In this essay, I comment on Dotan Oliar and Christopher Sprigman's article, There's No Free Laugh (Anymore): The Emergence of Intellectual Property Norms and the Transformation of Stand-Up Comedy, 94 Va. L. Rev. 1787 (2008). Their study of the quasi-intellectual property norms in the stand-up comedy world provides yet another compelling example of the phenomenon that I have explored in which the governing intellectual property regime takes a backseat to social norms and other industry customs that dominate the lived experiences of many in creative fields. The microcosm of stand-up comedy reinforces my concern that customs are being used to expand IP law both inside and outside the courtroom. This response to Oliar & Sprigman rejects the suggestion that the existence of social norms challenges the incentive rationale for copyright law. I also conclude that the norms that have developed in the stand-up community are not worthy of judicial or legislative deference and suggest some ways that comics and the courts can disrupt the restrictive norms that Oliar and Sprigman identify.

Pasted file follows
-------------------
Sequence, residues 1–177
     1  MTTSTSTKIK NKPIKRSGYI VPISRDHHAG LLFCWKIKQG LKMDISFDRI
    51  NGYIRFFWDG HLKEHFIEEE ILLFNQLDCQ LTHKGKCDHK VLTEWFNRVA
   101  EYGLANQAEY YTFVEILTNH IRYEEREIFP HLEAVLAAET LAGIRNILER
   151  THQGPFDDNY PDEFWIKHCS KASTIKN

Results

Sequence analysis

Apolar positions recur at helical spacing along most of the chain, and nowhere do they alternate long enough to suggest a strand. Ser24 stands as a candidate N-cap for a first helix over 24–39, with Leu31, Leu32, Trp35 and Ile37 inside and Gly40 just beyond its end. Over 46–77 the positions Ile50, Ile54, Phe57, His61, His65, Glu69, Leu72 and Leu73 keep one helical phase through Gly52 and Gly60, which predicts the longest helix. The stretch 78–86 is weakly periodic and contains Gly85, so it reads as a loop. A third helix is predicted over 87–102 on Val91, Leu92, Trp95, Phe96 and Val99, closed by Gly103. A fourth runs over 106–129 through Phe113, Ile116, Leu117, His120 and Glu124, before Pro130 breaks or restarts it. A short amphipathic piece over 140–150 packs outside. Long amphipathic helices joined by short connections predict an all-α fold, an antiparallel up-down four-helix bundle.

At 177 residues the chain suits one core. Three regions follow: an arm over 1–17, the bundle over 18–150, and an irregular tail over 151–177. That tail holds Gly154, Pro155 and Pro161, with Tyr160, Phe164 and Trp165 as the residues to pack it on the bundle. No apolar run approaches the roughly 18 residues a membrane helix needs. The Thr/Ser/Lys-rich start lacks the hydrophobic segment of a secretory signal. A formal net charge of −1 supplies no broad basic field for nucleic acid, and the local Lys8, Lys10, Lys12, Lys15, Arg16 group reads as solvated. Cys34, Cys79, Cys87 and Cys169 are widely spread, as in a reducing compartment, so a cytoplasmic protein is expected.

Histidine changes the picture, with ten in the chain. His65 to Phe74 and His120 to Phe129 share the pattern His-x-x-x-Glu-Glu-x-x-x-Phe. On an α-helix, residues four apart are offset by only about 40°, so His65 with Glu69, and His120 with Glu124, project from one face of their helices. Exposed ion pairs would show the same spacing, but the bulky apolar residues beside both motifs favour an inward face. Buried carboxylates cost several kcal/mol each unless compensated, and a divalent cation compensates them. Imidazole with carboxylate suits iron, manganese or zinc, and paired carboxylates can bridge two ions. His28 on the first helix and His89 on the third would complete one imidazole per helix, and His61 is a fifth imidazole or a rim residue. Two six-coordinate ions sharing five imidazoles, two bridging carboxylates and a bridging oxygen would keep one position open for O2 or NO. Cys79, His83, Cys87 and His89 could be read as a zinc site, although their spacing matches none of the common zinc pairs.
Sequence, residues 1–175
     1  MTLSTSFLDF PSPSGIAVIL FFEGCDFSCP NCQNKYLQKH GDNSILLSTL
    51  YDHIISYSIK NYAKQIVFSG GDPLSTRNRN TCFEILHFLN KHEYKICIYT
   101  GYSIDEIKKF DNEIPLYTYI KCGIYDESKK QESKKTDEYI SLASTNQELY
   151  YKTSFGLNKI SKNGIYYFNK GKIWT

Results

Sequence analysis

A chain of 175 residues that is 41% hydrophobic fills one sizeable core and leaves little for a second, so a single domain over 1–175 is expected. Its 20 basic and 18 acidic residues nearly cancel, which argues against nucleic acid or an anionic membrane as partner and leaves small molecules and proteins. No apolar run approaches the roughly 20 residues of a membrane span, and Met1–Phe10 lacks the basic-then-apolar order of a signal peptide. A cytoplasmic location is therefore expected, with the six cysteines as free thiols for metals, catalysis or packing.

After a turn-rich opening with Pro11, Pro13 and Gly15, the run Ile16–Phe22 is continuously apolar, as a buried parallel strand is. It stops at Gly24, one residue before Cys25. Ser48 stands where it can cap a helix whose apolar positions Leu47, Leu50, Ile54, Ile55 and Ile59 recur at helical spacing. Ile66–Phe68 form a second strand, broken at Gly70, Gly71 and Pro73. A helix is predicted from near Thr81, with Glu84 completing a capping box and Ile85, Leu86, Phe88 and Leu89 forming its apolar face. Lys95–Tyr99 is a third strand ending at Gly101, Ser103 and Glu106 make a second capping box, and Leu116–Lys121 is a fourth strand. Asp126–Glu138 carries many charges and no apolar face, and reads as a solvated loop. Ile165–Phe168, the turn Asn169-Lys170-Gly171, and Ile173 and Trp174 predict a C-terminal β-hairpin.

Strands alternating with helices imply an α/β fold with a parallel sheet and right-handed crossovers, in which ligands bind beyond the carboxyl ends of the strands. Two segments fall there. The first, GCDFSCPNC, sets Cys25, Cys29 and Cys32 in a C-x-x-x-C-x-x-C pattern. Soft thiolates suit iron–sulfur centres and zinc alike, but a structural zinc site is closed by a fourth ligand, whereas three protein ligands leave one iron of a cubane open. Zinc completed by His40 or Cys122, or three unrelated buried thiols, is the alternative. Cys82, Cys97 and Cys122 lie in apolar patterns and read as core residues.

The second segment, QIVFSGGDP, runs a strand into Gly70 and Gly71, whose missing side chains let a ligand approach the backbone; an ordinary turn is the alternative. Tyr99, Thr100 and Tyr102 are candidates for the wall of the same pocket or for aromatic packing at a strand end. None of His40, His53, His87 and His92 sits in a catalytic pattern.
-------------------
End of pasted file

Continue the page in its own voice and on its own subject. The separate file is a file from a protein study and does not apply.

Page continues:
copyright, norms, intellectual property, law and economics, emergence of property rights, stand-up comedy, custom, entertainment, private ordering, industry standards, fair use, clearance culture, best practices
Virginia Law Review in Brief
Rothman, Jennifer, "Custom, Comedy, and the Value of Dissent" (2009). Faculty Scholarship at Penn Law. 2454.